Focal Point

April 8, 2009
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The curtain fell, and she could hear the clapping through the fabric. Everyone rushed to get off stage before the curtain went back up and the bows could start. There was pushing, shoving and general mayhem. The stars shoved to the back, since they would be last, and the lesser mortals pressed together as close to the edge of the stage as possible without actually being onstage. Quickly, the ensemble linked hands as the curtain went up, and Frank pulled the line onto the stage. The crowd roared. She could hear some people shouting names, but she couldn't discern them. She was certain none were her own, however. She hadn't invited anyone.



As the secondary characters moved in, the clapping escalated. Some people were standing, and it was obviously for Ellen, who had been amazing tonight. Every single word and note that came from her mouth had been exquisite. Her best ever, no question. She clapped for Ellen as well, because Ellen truly deserved the recognition. Ellen had worked so hard over the years for that.



The more notable characters came out, and almost everyone was already standing. There were some in the front row that she could barely see who had their behinds firmly planted in their seats, and she could tell that they were the type who stood only for the stars.



Finally, the two leads walked onto the stage and the crowd exploded. The screams and yells from the back of the auditorium were heard, and the stars glowed with pride. In their moment of glory, nothing was wrong. They bowed and gestured to the orchestra and the rest of the cast. Her hands were becoming numb from clapping.



After what felt like an age, the curtain fell again. Eventually the final applauders were quiet and she could hear everyone busying themselves getting out of the theater. She followed the rest of the cast to the meeting room, and the director gushed over the fabulous performance. Everything, he said, was perfect. The perfect show. Never one better, and he'd been doing this, after all, for thirty years. A full house. Pure perfection. She smiled along with everyone else.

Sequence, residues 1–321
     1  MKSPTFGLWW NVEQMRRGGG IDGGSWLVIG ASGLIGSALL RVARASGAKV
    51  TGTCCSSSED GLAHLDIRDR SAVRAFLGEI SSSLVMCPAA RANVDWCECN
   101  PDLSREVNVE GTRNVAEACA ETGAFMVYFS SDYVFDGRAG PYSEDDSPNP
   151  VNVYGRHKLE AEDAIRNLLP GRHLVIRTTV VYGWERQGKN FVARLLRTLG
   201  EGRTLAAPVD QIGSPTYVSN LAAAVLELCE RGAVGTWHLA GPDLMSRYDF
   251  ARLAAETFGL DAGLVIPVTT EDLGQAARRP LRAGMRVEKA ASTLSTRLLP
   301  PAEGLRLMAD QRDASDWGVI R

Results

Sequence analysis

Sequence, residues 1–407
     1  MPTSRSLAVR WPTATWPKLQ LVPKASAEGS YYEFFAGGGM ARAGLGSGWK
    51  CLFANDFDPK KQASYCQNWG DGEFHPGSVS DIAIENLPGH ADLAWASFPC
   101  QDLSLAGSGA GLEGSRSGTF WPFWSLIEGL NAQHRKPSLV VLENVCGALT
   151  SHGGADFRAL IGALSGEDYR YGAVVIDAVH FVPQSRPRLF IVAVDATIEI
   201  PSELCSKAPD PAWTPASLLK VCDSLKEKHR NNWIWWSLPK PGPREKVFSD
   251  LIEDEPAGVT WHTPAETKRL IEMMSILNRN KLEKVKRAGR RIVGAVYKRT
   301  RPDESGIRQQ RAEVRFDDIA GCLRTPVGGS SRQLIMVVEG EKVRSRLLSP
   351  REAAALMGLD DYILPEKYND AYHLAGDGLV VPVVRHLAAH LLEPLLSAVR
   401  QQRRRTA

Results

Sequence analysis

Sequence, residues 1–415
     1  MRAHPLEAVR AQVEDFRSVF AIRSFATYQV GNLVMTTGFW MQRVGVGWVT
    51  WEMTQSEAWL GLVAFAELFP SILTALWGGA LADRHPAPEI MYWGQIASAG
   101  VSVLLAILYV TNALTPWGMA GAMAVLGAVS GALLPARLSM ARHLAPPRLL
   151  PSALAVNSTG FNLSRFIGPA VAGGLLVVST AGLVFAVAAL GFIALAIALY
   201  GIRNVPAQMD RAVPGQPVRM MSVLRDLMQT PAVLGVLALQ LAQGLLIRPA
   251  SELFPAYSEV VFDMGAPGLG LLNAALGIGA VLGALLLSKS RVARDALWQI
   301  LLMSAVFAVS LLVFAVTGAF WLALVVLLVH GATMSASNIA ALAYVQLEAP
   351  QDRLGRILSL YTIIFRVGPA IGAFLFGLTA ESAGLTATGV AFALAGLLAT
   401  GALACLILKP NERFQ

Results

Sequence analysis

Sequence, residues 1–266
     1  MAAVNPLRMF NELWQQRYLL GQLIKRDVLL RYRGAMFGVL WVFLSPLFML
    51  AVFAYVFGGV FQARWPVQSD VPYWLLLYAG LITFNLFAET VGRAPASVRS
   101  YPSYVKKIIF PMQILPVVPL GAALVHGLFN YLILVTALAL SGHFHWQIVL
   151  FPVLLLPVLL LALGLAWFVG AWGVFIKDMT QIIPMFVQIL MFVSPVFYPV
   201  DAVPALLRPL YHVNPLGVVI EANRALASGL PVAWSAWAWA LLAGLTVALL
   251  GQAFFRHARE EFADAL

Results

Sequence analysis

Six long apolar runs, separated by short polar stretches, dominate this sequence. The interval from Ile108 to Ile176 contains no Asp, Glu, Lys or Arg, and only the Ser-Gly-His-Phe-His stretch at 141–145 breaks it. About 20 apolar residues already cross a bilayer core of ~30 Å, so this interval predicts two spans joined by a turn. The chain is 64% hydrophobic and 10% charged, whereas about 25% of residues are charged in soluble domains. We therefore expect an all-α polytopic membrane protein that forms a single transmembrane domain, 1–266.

She changed and walked out to meet the crowd. She heard the squeals of delight as Anna, the female lead, received bouquet after bouquet of beautiful flowers. She heard men much older and younger than Anna tell her how beautiful she was, and how beautiful her voice was. She heard men offering to be her agent, offering to set up appointments with famous casting directors. Anna thanked each one, taking their phones numbers and cards, accepting date after date.



She turned around to walk in another direction. She saw Ellen surrounded by admirers. Ellen was older, but she received just as many cards and offers as Anna. She heard old women gushing over Ellen, telling her that they had never heard a voice as glorious in years.



She turned around to walk in another direction. Frank was holding his baby daughter. Her wide eyes glanced over everything, focusing occasionally on her father. Young women cooed over the child, telling Frank that she had his eyes, nose, ears, everything. They told him how beautiful his daughter was. They told him that, oh yes, he did very well in the production as well.



She turned around to walk in another direction. There was a man standing there, with a huge bouquet of red roses. It was larger than any of Anna's bouquets. The man was barely taller than her. He had glasses and a bald spot. He wore a black coat and a kind smile on his lips. She stopped. She stared at him for a moment.



"Hello," he said quietly, but she heard him over the babble of everyone's praise and thanks.



"Hello," she said back. He walked up to her, and some people stopped and stared at this small man with the biggest of all bouquets.



"You were amazing tonight," he said, handing her the flowers. "It was your best performance yet." She stared at him. More people stared at her. More people stared at her flowers. More people stared at this man.



She looked down at the beautiful roses in her arms, then back up at him. "Thank you."



"You're welcome," he said. He turned to leave, and it was quiet. Everyone was staring at her. He turned around to look at her again, as though remembering something, and said, with a smile, "I can see you, Melody."





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